Do name the bank/s where the US$2.3 billion is placed. The US$200 million is a good return onthe US$2.3 billion. Nonetheless, investment is about risks and returns. As 1MDB is a sovereign wealth fund (that is, owned by the people of Malaysia), it must have investment guidelines just like EPF and PNB would have. So do tell us what the guidelines are and what sort of investments the funds have invested in. After all, the EPF and PNB make these disclosures. Having accumulated over RM30 billion in debt and with US$2.3 billion parked with these fund managers, we can’t afford to have murkiness in the way taxpayers’ money is managed.

TUN RAZAK EXCHANGE (TRX): 1MDB did not touch on TRX in its statement but to refute our suggestion that it had to get a sweetheart land deal from the government to shore up its financial accounts, the government source quoted by the news portal claimed the purchase of the TRX and Sungai Besi land were at arm’s length.  And that this was no different from Khazanah Nasional’s Medini land deal in Iskandar, Johor.

Our response: How can 1MDB say that the acquisition was on an arm’s length basis when what it paid was much lower than market  price? In 2009, 1MDB bought the 70-acre (28ha) site for RM320 million or RM105 per square foot (psf). Our checks of land transactions in the vicinity in 2009 showed that the average vacant land price was RM543 psf.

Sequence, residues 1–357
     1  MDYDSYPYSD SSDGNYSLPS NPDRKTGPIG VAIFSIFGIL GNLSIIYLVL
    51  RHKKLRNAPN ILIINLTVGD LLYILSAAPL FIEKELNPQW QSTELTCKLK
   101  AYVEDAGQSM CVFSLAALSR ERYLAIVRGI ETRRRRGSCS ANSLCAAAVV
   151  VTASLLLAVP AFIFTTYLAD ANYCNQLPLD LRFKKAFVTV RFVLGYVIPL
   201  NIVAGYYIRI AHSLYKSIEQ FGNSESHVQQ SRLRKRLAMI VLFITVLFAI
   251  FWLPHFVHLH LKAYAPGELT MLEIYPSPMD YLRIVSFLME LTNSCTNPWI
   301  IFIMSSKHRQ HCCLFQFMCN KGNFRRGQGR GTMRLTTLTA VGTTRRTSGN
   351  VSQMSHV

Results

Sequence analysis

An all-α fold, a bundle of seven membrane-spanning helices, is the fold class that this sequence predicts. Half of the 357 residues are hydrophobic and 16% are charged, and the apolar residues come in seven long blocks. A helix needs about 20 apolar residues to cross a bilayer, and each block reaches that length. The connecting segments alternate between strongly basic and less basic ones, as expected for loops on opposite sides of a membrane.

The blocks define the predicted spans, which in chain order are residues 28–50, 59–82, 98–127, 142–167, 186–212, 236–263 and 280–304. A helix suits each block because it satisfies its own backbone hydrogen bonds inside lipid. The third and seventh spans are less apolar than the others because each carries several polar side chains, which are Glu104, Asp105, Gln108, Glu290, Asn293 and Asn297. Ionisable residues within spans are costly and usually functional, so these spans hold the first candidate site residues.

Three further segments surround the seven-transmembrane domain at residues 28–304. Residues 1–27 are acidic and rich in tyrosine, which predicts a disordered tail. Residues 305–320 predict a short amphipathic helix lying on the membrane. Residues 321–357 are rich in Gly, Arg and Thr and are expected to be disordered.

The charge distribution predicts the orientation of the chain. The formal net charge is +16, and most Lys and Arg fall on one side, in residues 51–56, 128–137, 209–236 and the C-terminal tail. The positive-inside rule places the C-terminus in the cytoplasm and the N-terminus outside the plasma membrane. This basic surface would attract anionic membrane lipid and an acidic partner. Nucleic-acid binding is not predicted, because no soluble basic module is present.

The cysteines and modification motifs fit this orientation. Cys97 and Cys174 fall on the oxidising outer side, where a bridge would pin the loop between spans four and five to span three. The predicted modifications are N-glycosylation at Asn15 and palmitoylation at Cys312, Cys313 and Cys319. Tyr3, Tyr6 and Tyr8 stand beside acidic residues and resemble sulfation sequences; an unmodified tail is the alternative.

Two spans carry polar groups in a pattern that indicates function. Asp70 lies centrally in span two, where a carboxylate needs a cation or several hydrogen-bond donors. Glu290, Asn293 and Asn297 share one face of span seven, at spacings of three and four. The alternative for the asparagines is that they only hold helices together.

This means that 1MDB got the land dirt cheap. Alternatively, it also means that had the government  opened up the land sale to competitive bidding, it could have received RM1.65 billion or RM1.33 billion more than the RM320 million paid by 1MDB.

As for the argument that what it was doing with TRX is no different from what Khazanah is doing  in Medini, it is totally flawed. Why do we say so?

Firstly, Medini and Iskandar are greenfield developments away from existing commercial hubs, so special incentives have to be given to develop them. TRX, on other hand, is right in the centre of Kuala Lumpur bordering the Golden Triangle. In other words, the government could have tendered out the TRX land for bids by private developers that would pay much more than 1MDB did, and would not require tax incentives.

Furthermore, Khazanah and its related companies have invested RM4 billion in building the infrastructure of Iskandar and has also drawn around RM10 billion worth of catalytic investments like Legoland, Johor Premium Outlets, Pinewood Studio, and educational institutions like Newcastle Medical University, Marlborough College, and Management Development Institute of Singapore.

Total committed investments in Iskandar to date is RM130 billion.

What has 1MDB done with the TRX land apart from revaluing it to show a profit for itself?

Ho Kay Tat is the Publisher and Group CEO of the The Edge Media Group. This article was first published in The Edge Malaysia of March 3.